Lynbrook celebrates Regeneron STS Scholars

Patricia Wei

Ashley Song, Design Editor

For the past three decades, the Regeneron Science Talent Search competition has been recognized as the epitome of pre-collegiate scientific achievement. On Jan. 9, seniors Jasper Huang, Rohan Mehrotra, Advait Patil, Vinay Senthil, Melissa Wei and Bill Zhu were announced as part of the Top 300 semi-finalist scholars; on Jan. 23, Patil and Mehrotra advanced as Top 40 finalists.

The selection process for entry is highly tedious and competitive, requiring applicants’ research paper grades, letters of recommendation, essays, test scores, extracurriculars, high school transcripts and more. This narrows the contestant pool down to a small but highly gifted group of scholars.

Wei worked on an online application to find electron transfer pathways in proteins.

“It is important to discover these [paths] because currently it is pretty hard to find electron transfer pathways,” said Wei. “This is the first automated application platform to find electron transfer pathways.”

Encouraged by the friendly academic environment at Lynbrook, Mehrotra began emailing professors at various colleges and soon started working with a chemistry professor at Stanford University in the Stanford labs.

“Whenever you take a drug, you’re either taking an oral pill or getting an injection, but the issue is that it causes the drug to be distributed all around your body and not just where it is needed,” said Mehrotra. “What I developed is a nanofilm that can be implanted at the location of the disease in your body, and when electric stimulation is applied to that film, it releases the drug directly at the site of infection.”

Patil first expressed interest in science when he began conducting research in seventh grade, spurred on by his participation in elementary school science fairs. He completed his Regeneron project, a computational framework that analyzed the stem of interactions and created networks for how different types of cells in different populations interact, at the Massachusetts Institute of Technology.

“When you do research, you normally experiment on one type of organism, and you can’t really understand how it actually applies to the natural world,” said Patil, “So I created a computational framework that analyzes the stem of interactions and created networks for how different types of cells in different populations interact.”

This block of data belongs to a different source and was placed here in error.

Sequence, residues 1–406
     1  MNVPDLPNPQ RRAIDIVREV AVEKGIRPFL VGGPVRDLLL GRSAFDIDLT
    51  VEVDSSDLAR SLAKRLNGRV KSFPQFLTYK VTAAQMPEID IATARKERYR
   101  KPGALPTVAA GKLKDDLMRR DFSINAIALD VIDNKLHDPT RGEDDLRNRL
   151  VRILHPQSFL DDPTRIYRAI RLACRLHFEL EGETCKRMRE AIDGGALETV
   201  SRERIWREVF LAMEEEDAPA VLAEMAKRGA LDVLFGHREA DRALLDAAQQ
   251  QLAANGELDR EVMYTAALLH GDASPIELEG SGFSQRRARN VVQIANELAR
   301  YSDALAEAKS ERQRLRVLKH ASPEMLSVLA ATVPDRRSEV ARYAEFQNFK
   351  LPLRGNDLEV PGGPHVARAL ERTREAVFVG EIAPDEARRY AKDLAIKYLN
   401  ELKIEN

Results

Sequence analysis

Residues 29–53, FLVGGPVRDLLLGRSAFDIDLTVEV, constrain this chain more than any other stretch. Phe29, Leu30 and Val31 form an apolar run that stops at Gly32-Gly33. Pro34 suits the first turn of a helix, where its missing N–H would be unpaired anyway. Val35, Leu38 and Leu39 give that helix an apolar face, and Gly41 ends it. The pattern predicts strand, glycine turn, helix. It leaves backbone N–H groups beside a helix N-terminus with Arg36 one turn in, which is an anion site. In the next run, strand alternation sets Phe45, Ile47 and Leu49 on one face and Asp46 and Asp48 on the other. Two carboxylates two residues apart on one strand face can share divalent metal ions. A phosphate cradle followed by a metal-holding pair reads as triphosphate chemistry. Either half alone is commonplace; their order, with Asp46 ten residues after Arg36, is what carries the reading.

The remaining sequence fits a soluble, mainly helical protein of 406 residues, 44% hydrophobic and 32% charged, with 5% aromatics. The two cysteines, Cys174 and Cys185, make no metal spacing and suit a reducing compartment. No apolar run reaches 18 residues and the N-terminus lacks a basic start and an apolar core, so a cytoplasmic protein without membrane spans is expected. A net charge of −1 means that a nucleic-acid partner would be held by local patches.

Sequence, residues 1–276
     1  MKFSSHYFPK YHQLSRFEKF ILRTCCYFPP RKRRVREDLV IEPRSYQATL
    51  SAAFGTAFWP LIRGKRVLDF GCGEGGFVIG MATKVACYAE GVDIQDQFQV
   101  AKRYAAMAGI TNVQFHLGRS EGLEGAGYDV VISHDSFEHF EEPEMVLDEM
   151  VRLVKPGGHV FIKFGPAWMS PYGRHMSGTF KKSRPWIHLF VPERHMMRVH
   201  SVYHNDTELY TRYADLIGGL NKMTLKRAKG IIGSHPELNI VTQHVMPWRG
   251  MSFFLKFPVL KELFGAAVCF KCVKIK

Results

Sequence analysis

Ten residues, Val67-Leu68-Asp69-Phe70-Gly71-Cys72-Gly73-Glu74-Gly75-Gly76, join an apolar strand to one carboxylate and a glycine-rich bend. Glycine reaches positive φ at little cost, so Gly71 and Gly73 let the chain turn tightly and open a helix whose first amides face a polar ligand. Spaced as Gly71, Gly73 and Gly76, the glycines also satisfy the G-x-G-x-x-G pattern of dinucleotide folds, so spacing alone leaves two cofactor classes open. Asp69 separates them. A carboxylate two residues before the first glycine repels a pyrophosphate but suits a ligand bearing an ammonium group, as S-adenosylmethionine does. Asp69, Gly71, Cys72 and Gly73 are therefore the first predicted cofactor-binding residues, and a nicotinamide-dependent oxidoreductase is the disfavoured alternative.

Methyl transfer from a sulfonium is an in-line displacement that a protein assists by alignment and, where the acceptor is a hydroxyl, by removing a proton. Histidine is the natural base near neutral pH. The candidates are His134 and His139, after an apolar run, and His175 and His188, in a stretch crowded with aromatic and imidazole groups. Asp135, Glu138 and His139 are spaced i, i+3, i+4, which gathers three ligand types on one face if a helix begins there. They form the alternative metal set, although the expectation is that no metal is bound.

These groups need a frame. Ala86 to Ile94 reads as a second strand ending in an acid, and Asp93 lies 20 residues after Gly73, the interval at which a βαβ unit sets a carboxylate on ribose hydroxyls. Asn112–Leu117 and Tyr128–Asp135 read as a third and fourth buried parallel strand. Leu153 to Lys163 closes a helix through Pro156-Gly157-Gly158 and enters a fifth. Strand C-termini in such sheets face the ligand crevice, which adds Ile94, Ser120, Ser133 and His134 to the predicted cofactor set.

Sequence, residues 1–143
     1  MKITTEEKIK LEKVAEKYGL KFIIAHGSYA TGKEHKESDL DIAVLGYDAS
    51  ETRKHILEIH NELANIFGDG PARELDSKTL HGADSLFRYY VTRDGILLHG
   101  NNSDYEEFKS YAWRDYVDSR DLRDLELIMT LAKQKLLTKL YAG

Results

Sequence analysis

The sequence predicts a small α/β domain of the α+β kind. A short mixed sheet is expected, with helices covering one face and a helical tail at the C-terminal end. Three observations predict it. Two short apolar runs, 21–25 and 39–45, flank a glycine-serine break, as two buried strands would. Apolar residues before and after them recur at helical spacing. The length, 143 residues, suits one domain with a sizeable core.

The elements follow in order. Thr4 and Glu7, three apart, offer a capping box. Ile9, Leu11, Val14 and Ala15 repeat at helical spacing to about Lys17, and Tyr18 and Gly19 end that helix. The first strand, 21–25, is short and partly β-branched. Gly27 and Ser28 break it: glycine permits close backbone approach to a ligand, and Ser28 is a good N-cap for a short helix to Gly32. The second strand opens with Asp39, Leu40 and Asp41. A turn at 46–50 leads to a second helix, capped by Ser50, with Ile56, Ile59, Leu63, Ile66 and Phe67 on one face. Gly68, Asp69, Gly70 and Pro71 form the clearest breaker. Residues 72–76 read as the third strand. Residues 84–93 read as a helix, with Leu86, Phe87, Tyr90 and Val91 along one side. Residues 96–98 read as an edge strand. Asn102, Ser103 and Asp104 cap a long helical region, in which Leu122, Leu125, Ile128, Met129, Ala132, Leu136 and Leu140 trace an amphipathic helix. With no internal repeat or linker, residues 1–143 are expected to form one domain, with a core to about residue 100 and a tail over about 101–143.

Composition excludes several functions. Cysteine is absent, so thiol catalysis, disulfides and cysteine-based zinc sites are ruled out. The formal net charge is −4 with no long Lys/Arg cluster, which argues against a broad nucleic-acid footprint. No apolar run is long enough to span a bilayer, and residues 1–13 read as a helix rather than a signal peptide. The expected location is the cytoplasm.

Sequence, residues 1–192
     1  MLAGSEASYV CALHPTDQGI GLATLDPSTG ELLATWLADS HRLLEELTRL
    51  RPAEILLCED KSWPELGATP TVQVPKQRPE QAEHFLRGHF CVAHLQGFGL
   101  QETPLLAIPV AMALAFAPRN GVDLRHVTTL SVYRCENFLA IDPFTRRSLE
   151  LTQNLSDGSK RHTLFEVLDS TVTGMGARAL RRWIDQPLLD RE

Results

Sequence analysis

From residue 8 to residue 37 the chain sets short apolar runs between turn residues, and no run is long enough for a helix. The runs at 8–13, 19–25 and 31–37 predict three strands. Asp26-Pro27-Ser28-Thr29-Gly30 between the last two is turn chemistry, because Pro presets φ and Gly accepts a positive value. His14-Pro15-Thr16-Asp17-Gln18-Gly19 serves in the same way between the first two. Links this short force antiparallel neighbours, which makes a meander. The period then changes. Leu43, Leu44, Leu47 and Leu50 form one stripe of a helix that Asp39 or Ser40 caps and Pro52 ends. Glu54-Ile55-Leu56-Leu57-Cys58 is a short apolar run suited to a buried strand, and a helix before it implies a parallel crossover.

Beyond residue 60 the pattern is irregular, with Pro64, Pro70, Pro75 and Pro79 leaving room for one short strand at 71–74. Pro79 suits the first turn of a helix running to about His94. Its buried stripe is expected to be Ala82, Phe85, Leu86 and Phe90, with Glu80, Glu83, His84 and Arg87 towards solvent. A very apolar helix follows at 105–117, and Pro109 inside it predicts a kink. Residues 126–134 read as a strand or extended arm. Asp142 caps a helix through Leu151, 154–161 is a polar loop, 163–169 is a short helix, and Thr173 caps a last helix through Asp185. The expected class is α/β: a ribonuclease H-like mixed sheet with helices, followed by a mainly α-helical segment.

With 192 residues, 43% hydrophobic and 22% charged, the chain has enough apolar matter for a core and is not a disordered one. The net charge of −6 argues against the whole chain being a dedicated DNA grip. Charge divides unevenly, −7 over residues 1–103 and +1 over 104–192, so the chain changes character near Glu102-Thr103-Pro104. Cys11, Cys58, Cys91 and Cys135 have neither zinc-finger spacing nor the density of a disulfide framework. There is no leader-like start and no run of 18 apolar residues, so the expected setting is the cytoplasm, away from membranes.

Zhu spent his nights stargazing as a child, endlessly fascinated by the cosmos. He visited observatories regularly and kept up to date with new discoveries and breakthroughs.

For his project, Zhu utilized a stacking procedure to systematically bring out the signal of the galaxies to study their overarching properties.

“Despite all the signal-boosting techniques, there was very little residue left over, meaning the host galaxies are likely very close to their neighboring quasars,” said Zhu. “I ran simulations to constrain the impact parameter (distance between quasar and galaxy) to be around 4 – 7 kiloparseconds.”

As of now, he is working to get his research published.

Huang’s project focused on analyzing the sounds of peoples’ footsteps using several machine learning techniques. He was inspired by the realization that he could recognize his family member’s distinct footsteps around the house.

When Huang found out that he qualified for the competition’s Top 300 scholars, he was ecstatic.

“I felt the same sense of accomplishment, satisfaction, and exhilaration when one gets a new high score in Crossy Road, Flappy Bird or the like,” said Huang.

Senthil was inspired to design his project when he saw doctors at the Bay Area Robotics Symposium struggling to view the internal passages of lungs.

“Currently, doctors examine the lungs using a fluoroscopy machine that emits radiation, affecting both the doctor and patient and yet only produces a 2D-image,” Senthil said, “Using yoga mats to represent the insides of the lungs and a webcam, I built an algorithm that constructs a 3D model of the bronchioles from the video feed of the bronchoscope without radiation and at a fraction of the cost.”

For Senthil, landing a spot as a semi-finalist was particularly special because, unlike his peers who had the help of professional lab equipment, he worked on his submission solely at home.

These scholars have all represented Lynbrook exceptionally; their achievements only serve to reflect their hard work and ambition.